As a follow-on to Part 1 of the Economics behind RWA, if we view the cost of capital from the lens of the borrower (especially when the cost of capital from Maker is zero), the interest paid can be viewed as a tax. Thus a similar economic theory surrounding taxation that can be found in the Laffer curve, will also be seen in the portfolio of collateral that is on-boarded within the Maker ecosystem. As such we can find and use a similar metric to help secure what is appropriate pricing from both an individual collateral perspective as well as the portfolio as a whole.
If we set the “tax” too low, MKR gets basically nothing and takes all of the risk. If we “tax” too much, MKR has zero risk and no collateral. Point being and subject to the elasticity of demand for each collateral type, if we increase the cost of capital, borrowers at some point will identify the costs as too economically expensive and will go somewhere else. In the crypto world, some of that can be “captive” to Maker; however, in a mature capital market, real world assets already have efficient capital sources. MKR Governance must be aware that pricing for Real World Assets must always remain competitive with the traditional financial system, less off-chain lenders will pay down their debt and move the loans to the traditional analog banking sector.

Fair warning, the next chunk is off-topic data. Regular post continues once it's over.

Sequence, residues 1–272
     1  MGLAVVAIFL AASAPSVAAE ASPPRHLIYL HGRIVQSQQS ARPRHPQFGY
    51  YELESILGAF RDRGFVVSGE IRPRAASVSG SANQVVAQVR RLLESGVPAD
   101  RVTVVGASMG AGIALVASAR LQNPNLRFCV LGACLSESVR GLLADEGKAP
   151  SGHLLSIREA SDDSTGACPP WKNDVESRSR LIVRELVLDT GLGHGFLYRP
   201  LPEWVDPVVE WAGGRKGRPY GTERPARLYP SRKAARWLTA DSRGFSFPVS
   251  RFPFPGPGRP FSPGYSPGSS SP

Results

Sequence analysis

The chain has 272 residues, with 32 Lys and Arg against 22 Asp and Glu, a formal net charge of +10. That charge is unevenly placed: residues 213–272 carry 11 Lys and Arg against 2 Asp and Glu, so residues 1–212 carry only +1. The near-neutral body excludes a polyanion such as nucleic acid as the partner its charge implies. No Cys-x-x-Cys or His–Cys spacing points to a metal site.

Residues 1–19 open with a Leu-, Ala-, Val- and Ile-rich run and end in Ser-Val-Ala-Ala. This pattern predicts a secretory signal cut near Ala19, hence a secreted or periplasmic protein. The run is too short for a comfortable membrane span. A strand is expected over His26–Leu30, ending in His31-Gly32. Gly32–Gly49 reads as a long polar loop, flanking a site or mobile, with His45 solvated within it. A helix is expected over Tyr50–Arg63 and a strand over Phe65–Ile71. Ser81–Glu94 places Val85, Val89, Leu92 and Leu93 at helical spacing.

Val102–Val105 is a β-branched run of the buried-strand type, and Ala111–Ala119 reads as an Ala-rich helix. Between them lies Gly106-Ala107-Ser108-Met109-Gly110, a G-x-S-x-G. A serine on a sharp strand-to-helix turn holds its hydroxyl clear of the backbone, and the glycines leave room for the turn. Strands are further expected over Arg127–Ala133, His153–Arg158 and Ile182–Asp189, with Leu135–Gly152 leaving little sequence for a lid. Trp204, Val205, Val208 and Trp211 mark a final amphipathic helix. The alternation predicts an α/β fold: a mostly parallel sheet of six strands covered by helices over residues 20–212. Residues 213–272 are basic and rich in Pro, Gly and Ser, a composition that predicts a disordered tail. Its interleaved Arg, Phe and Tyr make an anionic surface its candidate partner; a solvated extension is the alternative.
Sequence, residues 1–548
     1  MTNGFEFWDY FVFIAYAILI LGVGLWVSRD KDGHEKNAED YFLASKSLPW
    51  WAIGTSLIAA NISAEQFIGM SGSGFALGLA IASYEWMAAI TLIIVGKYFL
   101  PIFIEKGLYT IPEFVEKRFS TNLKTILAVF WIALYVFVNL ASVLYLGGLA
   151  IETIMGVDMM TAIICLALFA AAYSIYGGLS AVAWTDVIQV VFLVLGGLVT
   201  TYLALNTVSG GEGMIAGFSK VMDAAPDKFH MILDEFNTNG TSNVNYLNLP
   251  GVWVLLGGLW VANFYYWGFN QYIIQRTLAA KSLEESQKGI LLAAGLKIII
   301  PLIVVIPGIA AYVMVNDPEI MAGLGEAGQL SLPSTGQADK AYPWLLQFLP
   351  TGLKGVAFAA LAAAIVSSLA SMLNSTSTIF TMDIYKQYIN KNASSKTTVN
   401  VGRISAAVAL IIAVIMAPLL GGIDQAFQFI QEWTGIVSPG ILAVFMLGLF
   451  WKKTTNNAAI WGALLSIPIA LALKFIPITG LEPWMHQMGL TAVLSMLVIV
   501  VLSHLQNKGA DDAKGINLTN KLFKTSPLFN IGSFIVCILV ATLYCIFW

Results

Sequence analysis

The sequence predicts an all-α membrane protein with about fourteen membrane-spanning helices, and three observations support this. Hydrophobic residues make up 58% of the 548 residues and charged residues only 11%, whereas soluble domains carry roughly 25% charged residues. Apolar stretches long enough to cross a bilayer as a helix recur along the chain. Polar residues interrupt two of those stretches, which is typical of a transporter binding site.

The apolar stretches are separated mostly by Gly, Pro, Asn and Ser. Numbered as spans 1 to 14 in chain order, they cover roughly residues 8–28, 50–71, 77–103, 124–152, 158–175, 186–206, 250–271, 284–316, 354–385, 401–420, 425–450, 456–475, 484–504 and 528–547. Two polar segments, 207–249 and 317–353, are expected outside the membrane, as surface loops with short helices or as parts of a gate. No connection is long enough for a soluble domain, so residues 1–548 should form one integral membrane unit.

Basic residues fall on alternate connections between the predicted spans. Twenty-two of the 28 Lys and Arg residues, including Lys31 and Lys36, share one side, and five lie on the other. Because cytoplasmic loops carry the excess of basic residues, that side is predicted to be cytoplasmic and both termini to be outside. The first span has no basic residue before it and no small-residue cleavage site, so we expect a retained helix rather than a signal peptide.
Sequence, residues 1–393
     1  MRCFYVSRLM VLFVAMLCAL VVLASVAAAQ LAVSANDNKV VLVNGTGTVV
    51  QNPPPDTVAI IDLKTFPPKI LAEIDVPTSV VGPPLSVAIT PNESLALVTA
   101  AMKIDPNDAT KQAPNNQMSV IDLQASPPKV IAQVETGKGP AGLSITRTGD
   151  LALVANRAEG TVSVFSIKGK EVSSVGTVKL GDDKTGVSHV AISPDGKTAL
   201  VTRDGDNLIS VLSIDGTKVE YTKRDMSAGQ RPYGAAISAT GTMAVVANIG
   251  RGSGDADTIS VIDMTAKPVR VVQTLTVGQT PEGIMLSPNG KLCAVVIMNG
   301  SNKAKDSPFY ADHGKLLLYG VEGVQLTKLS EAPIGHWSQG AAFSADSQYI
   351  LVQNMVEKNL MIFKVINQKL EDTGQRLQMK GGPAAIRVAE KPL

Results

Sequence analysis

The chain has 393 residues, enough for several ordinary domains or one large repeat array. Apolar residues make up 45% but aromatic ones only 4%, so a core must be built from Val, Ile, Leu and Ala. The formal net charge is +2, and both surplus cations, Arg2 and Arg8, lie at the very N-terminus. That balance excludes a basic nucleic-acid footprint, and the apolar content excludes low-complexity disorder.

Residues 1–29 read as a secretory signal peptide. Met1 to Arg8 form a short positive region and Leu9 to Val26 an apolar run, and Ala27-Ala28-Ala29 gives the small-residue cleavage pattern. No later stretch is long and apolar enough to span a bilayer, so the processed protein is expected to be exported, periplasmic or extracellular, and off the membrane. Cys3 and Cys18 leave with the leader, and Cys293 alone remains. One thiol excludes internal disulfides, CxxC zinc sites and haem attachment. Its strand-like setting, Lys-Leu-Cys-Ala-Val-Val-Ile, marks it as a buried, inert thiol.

The critical take-away here is that for DAI to truly be a synthetic US Dollar, it must incorporate a portfolio of assets that must ultimately be as uncorrelated as possible for maximum stability. When a proper balance is found between off-chain and on-chain assets, the DSR should then be used to spur or contract DAI demand. At this point, the “tax” will be optimized for on-chain and off-chain assets. These offsetting forces causes a massive win for MKR.
Summary: Costs of capital for Real World Assets when brought on as collateral are price (interest rate) sensitive comparative to the existing banking sector.
I am presently advancing a real world assets structure for consideration by the MKR community.